DecaWave predicts €100m LG turnover
Dublin chip developer DecaWave has signed a new deal with LG that the company says will lead to the generation of revenues of more than €100 million a year within five years.
The firm has signed an agreement with LG Innotek, a division of the Korean electronics manufacturer, that will see LG develop a module based on DecaWave's ScenSor chip, which will be used for real-time location systems and wireless sensor networks. LG has already placed an advanced order for 125,000 chips.
Chief executive Ciaran Connell expects the volumes of the module to be sold will be in the tens of millions a year and that the deal means the company is in a position to reach turnover of €100 million or more.
Under the terms of the deal, LG will get exclusive rights in the Asian market for the module, which will be branded 'Driven by ScenSor', while DecaWave can market and sell the module elsewhere as a DecaWave-branded product.
The ScenSor chip combines real-time location reporting with wireless sensor capabilities. While it is not the only chip in the market, Connell said his product had a number of advantages.
It can trace things within a range of 10cmindoors and effectively track an infinite amount of objects. The chip runs off a watch battery that will last for ten years.
''The advantage of our product is that other people could do that at 40 times the price or by using much more power than we need," he said.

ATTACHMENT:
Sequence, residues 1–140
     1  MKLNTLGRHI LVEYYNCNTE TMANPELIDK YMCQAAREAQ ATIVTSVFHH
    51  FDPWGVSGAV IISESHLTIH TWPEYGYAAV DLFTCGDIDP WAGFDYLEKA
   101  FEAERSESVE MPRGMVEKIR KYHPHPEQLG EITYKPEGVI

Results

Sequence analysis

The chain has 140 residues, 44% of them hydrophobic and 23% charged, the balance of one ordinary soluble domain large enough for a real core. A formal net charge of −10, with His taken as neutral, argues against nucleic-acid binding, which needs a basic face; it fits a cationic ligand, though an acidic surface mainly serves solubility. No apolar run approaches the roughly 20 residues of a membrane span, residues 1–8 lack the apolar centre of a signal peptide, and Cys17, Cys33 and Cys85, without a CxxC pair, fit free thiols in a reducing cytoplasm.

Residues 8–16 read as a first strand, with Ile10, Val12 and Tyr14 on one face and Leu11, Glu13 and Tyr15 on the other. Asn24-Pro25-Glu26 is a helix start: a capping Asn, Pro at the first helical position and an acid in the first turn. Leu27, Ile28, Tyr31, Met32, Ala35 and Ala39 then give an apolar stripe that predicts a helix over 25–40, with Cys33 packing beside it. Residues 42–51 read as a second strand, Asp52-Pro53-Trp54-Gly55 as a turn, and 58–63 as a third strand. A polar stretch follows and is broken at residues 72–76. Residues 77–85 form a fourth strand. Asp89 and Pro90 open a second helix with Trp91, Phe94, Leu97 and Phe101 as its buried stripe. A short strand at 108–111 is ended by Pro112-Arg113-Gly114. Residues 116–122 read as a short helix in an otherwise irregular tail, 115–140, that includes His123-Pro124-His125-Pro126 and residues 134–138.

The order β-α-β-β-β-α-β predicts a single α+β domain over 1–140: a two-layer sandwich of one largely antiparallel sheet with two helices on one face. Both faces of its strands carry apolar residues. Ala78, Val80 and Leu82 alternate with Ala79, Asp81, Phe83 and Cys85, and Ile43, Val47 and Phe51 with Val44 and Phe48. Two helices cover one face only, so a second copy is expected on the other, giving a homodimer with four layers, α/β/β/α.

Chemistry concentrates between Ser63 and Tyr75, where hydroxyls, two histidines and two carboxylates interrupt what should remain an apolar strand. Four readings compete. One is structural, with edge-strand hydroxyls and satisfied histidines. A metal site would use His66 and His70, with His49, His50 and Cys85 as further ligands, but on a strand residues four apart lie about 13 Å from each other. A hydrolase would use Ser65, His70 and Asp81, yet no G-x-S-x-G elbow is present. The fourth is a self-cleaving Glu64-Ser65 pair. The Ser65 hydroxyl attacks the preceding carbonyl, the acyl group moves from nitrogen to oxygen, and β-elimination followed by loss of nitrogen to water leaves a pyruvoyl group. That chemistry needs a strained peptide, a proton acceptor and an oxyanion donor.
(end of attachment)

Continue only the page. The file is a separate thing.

The chips will cost €2 each for customers buying more than a million units a year and €4 each for lower volume customers.
The chips are scheduled to go into production in the first quarter of 2011.
Connell said the next step was to raise €10 million in funding to finance the move into production and expansion in staffing.
The company has so far been ''run on a shoestring'', said Connell, and has grown on the back of a €3 million seed funding round in which the firm received backing from Enterprise Ireland and angel investors from Ireland and Texas.
''The seed round has been enough to get samples," he said. ''But to go into mass production will cost about €1.5 million. To staff up and develop a global presence will require more. That's low cost for the industry, the reason being our unique architecture. We don't need as much as other people need."
Connell expected to close the new funding round in the second quarter of next year, after which the firm is likely to expand.
DecaWave employs 18 people, with ten based in Dublin, six in France and others in the United States and Asia.
By the end of next year, staffing in Dublin should grow to about 25 people. It is expected to double again in 2011.